TALLAHASSEE — State tea party leaders proudly announced the grand opening of their "Tallahassee headquarters" for the upcoming legislative session on Thursday.
The location: Room 227 of the Senate Office Building.
The Tea Party Network — a group of 70 Florida tea party and 9/12 groups — utilized the conference room to educate new volunteers about their movement's talking points and to meet with elected officials who stopped by.
They say keeping a space at the Capitol will help them during the hectic days of session, when they need to react with speed to lawmakers' surprise amendments and unfavorable votes.
"Legislation can change like that," said Tea Party Network chairwoman Patricia Sullivan, snapping her fingers. "It's just a wise use of our volunteers' time."
Still, the group's news release begged the question: Can a political party set up shop in the Capitol?
Well, sort of. Senate President Mike Haridopolos said groups frequently use vacant meeting rooms during session, but he clarified Room 227 does not belong to the Tea Party Network.
"They are not going to have a full-time office, no, in the Florida Senate," Haridopolos said.
Senators routinely reserve vacant rooms for constituents, he said. Sen. Greg Evers, R-Baker, asked for Room 227 this week on behalf of constituents who belong to the Santa Rosa Tea Party Patriots.
Sen. Arthenia Joyner, D-Tampa, requested the use of a different room for Oct. 19, and Sen. John Thrasher, R-St. Augustine, wants another one Nov. 15.
The requests are reviewed on a weekly basis, said Haridopolos spokeswoman Lyndsey Cruley.
A few hours into their kick-off, the activists backtracked on calling their space a "headquarters."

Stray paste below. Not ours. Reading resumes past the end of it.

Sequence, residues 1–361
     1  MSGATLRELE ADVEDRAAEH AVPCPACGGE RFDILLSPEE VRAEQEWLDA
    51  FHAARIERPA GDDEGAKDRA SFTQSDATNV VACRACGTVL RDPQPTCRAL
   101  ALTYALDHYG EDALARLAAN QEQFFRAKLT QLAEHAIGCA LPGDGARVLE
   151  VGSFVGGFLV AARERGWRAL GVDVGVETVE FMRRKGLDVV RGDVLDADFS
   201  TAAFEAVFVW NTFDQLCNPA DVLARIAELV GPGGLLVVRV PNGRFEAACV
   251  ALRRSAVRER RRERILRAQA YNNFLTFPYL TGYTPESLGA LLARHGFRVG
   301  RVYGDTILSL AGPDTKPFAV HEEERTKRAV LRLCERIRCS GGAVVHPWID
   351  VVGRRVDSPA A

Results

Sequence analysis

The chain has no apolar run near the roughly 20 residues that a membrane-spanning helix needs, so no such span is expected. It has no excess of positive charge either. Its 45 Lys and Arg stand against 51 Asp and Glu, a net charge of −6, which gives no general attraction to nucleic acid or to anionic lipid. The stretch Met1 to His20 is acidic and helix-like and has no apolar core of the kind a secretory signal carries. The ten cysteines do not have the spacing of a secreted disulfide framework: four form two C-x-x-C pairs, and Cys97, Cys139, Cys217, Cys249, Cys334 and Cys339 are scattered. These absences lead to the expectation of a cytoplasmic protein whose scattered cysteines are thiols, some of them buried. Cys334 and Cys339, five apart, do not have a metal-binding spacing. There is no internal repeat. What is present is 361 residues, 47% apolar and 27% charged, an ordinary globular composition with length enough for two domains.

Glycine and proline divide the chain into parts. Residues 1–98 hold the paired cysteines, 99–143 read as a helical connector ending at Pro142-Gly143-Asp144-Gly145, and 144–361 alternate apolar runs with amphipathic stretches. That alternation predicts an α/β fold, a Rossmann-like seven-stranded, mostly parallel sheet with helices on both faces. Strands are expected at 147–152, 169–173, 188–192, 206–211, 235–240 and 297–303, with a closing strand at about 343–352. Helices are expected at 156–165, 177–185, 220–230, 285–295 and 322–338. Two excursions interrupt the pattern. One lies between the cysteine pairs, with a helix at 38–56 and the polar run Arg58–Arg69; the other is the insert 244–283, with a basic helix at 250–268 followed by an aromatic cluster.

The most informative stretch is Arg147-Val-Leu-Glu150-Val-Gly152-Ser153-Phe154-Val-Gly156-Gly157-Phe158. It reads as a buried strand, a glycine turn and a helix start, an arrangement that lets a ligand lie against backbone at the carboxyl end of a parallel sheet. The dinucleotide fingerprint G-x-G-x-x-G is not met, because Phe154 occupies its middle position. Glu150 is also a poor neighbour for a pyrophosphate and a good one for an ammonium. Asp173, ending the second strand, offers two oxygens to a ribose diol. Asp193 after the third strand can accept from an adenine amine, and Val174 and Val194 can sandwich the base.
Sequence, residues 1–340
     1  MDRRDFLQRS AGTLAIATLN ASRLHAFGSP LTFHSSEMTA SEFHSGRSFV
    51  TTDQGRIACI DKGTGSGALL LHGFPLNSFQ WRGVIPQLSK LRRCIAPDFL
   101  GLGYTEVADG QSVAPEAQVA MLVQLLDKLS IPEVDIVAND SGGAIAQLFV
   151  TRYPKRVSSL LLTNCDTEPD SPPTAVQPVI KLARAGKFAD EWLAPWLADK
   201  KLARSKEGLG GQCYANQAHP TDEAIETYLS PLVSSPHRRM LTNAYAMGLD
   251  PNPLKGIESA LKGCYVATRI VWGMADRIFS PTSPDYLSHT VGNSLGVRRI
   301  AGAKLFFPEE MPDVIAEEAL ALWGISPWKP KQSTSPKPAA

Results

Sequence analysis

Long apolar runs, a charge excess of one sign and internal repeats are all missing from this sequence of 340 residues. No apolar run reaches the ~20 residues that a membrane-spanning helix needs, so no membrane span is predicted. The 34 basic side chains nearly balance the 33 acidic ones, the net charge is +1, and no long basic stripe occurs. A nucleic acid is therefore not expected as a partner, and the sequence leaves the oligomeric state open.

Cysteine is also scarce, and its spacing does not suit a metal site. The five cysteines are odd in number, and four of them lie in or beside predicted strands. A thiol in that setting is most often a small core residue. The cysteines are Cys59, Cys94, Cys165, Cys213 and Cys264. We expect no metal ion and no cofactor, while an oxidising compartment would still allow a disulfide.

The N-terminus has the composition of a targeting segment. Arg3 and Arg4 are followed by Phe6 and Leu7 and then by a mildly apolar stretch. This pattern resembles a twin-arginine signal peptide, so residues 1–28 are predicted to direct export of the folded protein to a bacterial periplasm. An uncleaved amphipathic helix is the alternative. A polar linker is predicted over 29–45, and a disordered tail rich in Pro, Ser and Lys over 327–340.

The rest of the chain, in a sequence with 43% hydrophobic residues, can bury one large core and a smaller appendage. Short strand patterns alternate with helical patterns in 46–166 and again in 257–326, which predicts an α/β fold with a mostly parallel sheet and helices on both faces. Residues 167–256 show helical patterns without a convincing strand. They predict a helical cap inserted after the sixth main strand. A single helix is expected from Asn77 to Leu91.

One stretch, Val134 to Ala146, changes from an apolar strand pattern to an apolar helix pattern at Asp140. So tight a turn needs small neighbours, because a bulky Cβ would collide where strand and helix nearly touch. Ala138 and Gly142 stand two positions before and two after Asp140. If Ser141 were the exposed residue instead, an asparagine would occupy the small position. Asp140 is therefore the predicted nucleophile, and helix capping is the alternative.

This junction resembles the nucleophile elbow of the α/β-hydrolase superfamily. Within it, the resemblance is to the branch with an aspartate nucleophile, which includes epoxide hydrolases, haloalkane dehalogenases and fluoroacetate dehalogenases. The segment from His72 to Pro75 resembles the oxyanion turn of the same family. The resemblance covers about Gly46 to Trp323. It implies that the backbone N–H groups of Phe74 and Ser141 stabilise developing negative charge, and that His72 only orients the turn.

"It was never meant to be a permanent room," said Sharon Glass of the Santa Rosa Tea Party Patriots. "We didn't mean that to sound like we possessed the building."
Glass thought the group reserved the room for all interim committee weeks this fall. She already has a room in the Capitol lined up for people to meet during the first day of session — just like last year, she said. "I guess I'll go down and find out what the review process is. We're not out to cause any problems."
A few activists and lawmakers huddled around an office telephone in Evers' office Thursday and took turns being interviewed by a conservative radio talk show host in Gainesville about their plans. Among them was Rep. Matt Gaetz, R-Fort Walton Beach, who promoted his bill that repeals the Florida Renewable Fuel Standard Act, a "Charlie Crist-era" ethanol mandate.
The activists planned to spend the rest of the day watching committee meetings and talking with legislators about pet projects, including repealing Florida's septic tank inspection law.
"As we see folks in the halls, they seem to have a smile," Sullivan said, "but we'll see how it goes in committee meetings."